File photo
Security and police block the entrance to GraceLife Church as a fence goes up around it near Edmonton on Wednesday April 7, 2021. The Alberta government has closed down and fenced off a church that has been charged with refusing to follow COVID-19 health rules. Alberta Health Services, in a statement, says GraceLife church will remain closed until it shows it will comply with public-health measures meant to contain the spread of the novel coronavirus. THE CANADIAN PRESS/Jason Franson
Hundreds gather to support Alberta church shut down for ignoring COVID-19 orders

SPRUCE GROVE, Alta. — Hundreds of people are gathered outside an Alberta… Continue reading

Members of the Canadian Armed Forces march during the Calgary Stampede parade in Calgary, Friday, July 8, 2016. The Canadian Armed Forces is developing contingency plans to keep COVID-19 from affecting its ability to defend the country and continue its missions overseas amid concerns potential adversaries could try to take advantage of the crisis. THE CANADIAN PRESS/Jeff McIntosh
Canadian special forces supported major Iraqi military assault on ISIL last month

OTTAWA — Some Canadian soldiers supported a major military offensive last month… Continue reading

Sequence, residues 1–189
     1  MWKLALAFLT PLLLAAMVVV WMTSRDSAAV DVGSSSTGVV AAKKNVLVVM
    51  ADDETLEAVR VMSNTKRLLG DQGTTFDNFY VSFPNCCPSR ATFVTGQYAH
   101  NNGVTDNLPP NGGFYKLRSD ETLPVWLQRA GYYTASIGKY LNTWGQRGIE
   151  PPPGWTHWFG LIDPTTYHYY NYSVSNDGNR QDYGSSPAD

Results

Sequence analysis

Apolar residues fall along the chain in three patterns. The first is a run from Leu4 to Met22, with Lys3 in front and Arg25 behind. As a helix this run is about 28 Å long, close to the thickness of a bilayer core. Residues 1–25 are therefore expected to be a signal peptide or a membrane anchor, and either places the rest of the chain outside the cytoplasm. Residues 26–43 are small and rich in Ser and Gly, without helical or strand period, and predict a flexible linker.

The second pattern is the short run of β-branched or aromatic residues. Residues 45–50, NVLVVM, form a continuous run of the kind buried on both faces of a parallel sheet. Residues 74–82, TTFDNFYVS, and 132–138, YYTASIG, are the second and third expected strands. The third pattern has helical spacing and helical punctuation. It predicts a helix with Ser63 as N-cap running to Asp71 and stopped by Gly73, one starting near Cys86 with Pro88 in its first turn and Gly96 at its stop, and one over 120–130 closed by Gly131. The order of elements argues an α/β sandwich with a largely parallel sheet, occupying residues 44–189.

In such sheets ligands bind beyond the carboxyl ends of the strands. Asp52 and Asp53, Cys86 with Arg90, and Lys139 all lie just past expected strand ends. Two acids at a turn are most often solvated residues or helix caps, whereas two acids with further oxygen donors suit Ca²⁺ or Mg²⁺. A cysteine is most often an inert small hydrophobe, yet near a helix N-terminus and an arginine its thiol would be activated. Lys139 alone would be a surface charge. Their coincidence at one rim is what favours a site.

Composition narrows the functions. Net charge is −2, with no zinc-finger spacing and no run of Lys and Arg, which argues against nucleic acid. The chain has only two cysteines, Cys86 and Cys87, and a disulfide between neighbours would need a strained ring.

A woman pays her repects at a roadblock in Portapique, N.S. on Wednesday, April 22, 2020. The joint public inquiry in response to the April mass shooting in Nova Scotia has announced a mandate that includes a probe of the RCMP response as well as the role of gender-based violence in the tragedy. THE CANADIAN PRESS/Andrew Vaughan
Creating permanent memorial to Nova Scotia mass shooting victims a delicate task

PORTAPIQUE, N.S. — Creating a memorial for those killed in Nova Scotia’s… Continue reading

Conservative leader Erin O'Toole holds a press conference on Parliament Hill in Ottawa on Tuesday, April 6, 2020. Top Tory leaders of past and present will speak with supporters today about what a conservative economic recovery from COVID-19 could look like. THE CANADIAN PRESS/Sean Kilpatrick
Erin O’Toole says ‘I didn’t hide who I was’ running for Conservative leader

OTTAWA — Erin O’Toole assured Conservative supporters that he never hid who… Continue reading